envelope
Beaux Freres Pinot Noir The Beaux Freres Vineyard 2013 750ml
SKU 767144

Beaux Freres The Vineyard Pinot Noir 2013

Ribbon Ridge - Willamette Valley - Oregon - United States

Professional Wine Reviews for Beaux Freres The Vineyard Pinot Noir 2013

Rated 95 by Wine Spectator
With a delicate and open texture, this shows lanolin and rose petal undertones to the red berry flavors. Gains depth with each sip.—Non-blind Beaux Frères vertical (October 2015). Drink now through 2025. 2,167 cases made.
Rated 93 by Stephen Tanzer
Deep red. Sexy, highly perfumed aromas of red berry liqueur, potpourri and Asian spices, with a smoky mineral topnote. Silky, open-knit raspberry and floral pastille flavors show very good depth and focus, with tangy acidity adding lift and spine. Displays a suave blend of power and vivacity on the strikingly long spicy, floral finish, which leaves a refreshingly bitter berry skin note behind. This wine transcends the vintage and should age effortlessly on its balance.

Additional information »

Other Vintages: 2013 2012
$83.94
12 Bottle
$79.74
Check availability
Add 12 more to get fixed rate shipping

Add
750ml
I've Had This
95 Wine Spectator
93 Stephen Tanzer

More wines available from Beaux Freres

Beaux Freres The Vineyard Pinot Noir 2013 Customer Reviews

Product Rating  

There have been no reviews for this product. Be first to .

Customer also bought

Additional Information on Beaux Freres The Vineyard Pinot Noir 2013

Winery: Beaux Freres

Varietal: Pinot Noir

Pinot Noir translates as 'black pine' in French, and is named as such due to the extremely inky color of the fruits, which hang in bunches the shape of a pine cone. Wineries often struggle with Pinot Noir vines, as more than most red wine grape varietals, they fail in hot temperatures and are rather susceptible to various diseases which can be disastrous when hoping for a late harvest. Thanks to new technologies and methods for avoiding such problems, however, the Pinot Noir grape varietal has spread across the world to almost every major wine producing country. Why? Quite simply because this is considered to be one of the finest grape varietals one can cultivate, due to the fact that it can be used to produce a wide range of excellent wines full of interesting, fresh and fascinating flavors Their thin skins result in a fairly light-bodied wine, and the juices carry beautiful notes of summer fruits, currants and berries, and many, many more.

Region: Oregon

Whilst the Oregon wine industry didn't really take off until the 1960s, it actually has a wine-making history which stretches back to the pioneer days, with the first successful vineyards being cultivated back in the early 19th century. Today, Oregon is the United States' third biggest wine producing state, with over three hundred wineries operating there and making the most of the cooler climatic conditions which characterise much of the region, and have proved ideal for the growing of a range of fine grape varietals. The state is best known for their Pinot Gris and Pinot Noir wines, but also produces excellent Chardonnay, Merlot and Riesling grapes. The valleys and mountainsides of Oregon are also excellent for producing Old World classic varietals alongside American hybrid grapes, and the state has become renowned as a trailblazer in the field of organic, vegan and biodynamic wines.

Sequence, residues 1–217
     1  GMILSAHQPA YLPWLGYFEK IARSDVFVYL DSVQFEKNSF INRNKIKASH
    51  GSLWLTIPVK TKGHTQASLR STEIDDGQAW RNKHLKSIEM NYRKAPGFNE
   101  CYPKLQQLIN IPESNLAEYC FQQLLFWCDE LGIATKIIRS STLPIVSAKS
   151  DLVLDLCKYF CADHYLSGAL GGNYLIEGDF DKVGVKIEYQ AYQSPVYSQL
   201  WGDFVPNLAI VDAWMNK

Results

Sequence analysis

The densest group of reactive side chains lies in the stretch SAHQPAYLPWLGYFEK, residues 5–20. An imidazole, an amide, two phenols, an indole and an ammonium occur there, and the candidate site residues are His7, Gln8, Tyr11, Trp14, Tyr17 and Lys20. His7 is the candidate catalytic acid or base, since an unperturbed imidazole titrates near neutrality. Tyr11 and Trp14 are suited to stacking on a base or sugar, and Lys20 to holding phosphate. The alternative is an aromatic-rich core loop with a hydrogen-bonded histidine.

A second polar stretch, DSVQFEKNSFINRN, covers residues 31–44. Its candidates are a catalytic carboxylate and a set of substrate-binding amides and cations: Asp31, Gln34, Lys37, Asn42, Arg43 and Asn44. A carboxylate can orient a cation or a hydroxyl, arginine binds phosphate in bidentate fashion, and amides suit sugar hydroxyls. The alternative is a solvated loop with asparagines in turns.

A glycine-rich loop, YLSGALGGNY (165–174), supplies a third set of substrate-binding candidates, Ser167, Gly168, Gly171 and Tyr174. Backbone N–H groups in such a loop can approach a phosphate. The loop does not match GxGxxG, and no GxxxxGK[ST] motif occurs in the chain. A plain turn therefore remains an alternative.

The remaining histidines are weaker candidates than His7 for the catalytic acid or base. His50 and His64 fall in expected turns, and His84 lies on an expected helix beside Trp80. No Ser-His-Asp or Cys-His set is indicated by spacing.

Country: United States

The first European settlers to consider growing grapevines in the United States must have been delighted when they discovered the now famous wine regions within California, Oregon and elsewhere. Not even in the Old World are there such fertile valleys, made ideal for vine cultivation by the blazing sunshine, long, hot summers and oceanic breezes. As such, it comes as little surprise that today more than eighty-nine percent of United States wines are grown in the valleys and on the mountainsides of California, where arguably some of the finest produce in the world is found. However, American wine does not begin and end with California, and due to the vast size of the country and the incredible range of terrains and climates found within the United States, there is probably no other country on earth which produces such a massive diversity of wines. From ice wines in the northern states, to sparkling wines, aromatized wines, fortified wines, reds, whites, rosés and more, the United States has endless surprises in store for lovers of New World wines.

Appellation: Willamette Valley

Willamette Valley in Oregon may not be the most famous of the United States' wine regions, but it has a reputation for producing high quality wines which are the very essence of the land they are grown on, and it is consistently gaining international attention for its beautiful Pinot Noir wines. The wines of Willamette Valley are generally fruit-forward, elegant and lush, and full of the fine features of their terroir, making them a fascinating range of wines for lovers of New World produce. Whilst Pinot Noir is by far the most common grape grown in Willamette Valley, wineries of this region have a reputation for innovation and experimentation within viticultural circles, and are ever expanding their portfolios and experimenting with new varietals. As such, Willamette Valley is a highly interesting region to look into, with an impressive array of well crafted, delicious wines.